The science fiction world lost two storytellers this summer, Ray Bradbury and Harry Harrison.
I never met Harry, but I felt like I got to know Ray a little bit, just from how much director Roger Lay, Jr had talked about him and about working with him while they were making the film Chrysalis several years ago. Seeing how Roger glowed every time he mentioned how much Ray enjoyed the finished movie and appreciated how it kept the feel of the original story made an impression. Big difference from A Sound of Thunder, I'd imagine.
I don't know that anyone's tried to make films out of Harrison's stories, like Stainless Steel Rat or Bill the Galactic Hero (other than Soylent Green, of course), but we've all seen the end results of finished movies where storytelling took a back seat to special effects and spectacular stunts (or was left entirely on the cutting room floor)... the movie we see might be entertaining, but it doesn't move you or leave you asking questions, or wanting to see it again and again and again.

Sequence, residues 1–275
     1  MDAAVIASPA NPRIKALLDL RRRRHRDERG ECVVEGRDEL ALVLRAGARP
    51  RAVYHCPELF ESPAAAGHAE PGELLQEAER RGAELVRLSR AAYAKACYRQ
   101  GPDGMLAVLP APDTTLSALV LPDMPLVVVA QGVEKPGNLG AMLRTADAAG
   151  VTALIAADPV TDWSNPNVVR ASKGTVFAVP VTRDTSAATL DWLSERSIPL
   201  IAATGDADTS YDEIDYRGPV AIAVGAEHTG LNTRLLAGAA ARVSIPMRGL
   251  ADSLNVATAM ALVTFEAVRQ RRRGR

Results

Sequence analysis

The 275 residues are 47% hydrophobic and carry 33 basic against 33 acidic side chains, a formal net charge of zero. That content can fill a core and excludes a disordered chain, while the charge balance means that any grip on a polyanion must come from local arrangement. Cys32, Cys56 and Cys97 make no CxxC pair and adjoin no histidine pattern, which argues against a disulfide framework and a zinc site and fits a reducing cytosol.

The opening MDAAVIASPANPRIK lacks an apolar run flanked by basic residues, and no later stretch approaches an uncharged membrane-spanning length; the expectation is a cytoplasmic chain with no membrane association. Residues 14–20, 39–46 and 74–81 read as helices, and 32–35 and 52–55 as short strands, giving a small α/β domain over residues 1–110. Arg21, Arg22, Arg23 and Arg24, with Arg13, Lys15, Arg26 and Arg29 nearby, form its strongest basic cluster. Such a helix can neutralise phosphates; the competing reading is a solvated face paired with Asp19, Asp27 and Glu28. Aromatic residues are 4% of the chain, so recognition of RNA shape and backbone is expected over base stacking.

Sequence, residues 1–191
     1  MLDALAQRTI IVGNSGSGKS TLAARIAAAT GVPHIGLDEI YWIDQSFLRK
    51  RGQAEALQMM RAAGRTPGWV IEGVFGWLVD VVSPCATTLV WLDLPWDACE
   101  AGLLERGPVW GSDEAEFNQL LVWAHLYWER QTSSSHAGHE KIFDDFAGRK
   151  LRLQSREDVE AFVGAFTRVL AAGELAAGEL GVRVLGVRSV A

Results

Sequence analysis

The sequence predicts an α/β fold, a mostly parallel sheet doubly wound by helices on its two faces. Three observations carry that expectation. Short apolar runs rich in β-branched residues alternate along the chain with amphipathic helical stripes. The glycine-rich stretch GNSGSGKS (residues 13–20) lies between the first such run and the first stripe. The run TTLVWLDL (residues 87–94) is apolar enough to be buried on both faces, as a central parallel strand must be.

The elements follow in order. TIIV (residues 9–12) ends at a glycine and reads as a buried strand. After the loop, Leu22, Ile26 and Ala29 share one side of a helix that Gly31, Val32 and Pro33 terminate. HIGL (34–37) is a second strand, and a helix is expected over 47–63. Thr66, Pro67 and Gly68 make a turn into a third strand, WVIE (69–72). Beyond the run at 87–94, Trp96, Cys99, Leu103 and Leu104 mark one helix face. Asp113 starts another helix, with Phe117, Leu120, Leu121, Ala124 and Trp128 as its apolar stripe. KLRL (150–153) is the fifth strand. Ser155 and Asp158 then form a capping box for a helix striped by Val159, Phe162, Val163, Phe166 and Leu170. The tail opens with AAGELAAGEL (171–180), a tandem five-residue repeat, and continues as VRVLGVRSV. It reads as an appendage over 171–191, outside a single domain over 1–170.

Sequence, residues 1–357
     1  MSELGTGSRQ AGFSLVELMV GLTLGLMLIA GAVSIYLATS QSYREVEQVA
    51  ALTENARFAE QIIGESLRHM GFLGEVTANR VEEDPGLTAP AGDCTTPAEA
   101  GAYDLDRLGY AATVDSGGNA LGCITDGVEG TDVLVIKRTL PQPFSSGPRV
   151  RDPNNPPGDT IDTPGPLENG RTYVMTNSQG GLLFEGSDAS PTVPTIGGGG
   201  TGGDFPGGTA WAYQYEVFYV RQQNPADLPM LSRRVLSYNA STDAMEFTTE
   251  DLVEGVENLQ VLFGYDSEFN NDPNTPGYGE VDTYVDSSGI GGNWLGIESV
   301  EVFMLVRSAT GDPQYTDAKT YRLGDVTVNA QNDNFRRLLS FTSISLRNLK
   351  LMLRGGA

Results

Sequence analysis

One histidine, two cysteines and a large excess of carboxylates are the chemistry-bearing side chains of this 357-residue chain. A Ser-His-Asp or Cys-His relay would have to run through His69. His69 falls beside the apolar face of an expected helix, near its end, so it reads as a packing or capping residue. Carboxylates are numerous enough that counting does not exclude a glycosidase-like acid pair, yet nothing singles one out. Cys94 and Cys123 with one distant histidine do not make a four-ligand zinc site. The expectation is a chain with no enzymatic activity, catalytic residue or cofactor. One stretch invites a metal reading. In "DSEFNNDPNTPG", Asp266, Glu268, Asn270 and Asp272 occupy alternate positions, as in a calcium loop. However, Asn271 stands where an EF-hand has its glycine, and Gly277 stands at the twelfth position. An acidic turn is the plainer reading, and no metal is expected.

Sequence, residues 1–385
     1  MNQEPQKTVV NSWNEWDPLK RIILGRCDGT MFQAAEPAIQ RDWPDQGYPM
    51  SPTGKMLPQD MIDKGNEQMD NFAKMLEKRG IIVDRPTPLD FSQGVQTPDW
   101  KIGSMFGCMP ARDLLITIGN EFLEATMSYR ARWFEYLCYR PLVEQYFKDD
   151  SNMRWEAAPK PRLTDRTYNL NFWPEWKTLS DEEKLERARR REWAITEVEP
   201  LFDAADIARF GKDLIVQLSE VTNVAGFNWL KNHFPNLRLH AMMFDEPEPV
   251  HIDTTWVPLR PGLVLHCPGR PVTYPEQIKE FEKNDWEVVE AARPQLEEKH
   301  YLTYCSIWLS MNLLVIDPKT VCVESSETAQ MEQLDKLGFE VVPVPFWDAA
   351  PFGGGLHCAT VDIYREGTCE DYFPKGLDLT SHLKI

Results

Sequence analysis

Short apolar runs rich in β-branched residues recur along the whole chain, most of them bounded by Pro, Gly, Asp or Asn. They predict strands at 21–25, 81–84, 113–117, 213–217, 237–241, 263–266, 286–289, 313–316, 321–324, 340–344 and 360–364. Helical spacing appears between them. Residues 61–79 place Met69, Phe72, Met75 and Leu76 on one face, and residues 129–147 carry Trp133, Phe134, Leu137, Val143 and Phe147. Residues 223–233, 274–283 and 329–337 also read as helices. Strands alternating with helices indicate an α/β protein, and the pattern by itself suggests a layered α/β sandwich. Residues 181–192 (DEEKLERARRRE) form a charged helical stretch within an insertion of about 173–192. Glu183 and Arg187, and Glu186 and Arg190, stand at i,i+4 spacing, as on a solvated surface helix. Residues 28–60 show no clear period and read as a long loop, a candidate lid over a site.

Those are the types of stories we as humans need more of, and maybe that deep appreciation of the story is what's missing from most major studio projects these days. The question is, how does the consumer convince the studios that more story and less boom could not only make us happier viewers, but also make them more money in the long run?
I don't think they're listening to us quite yet.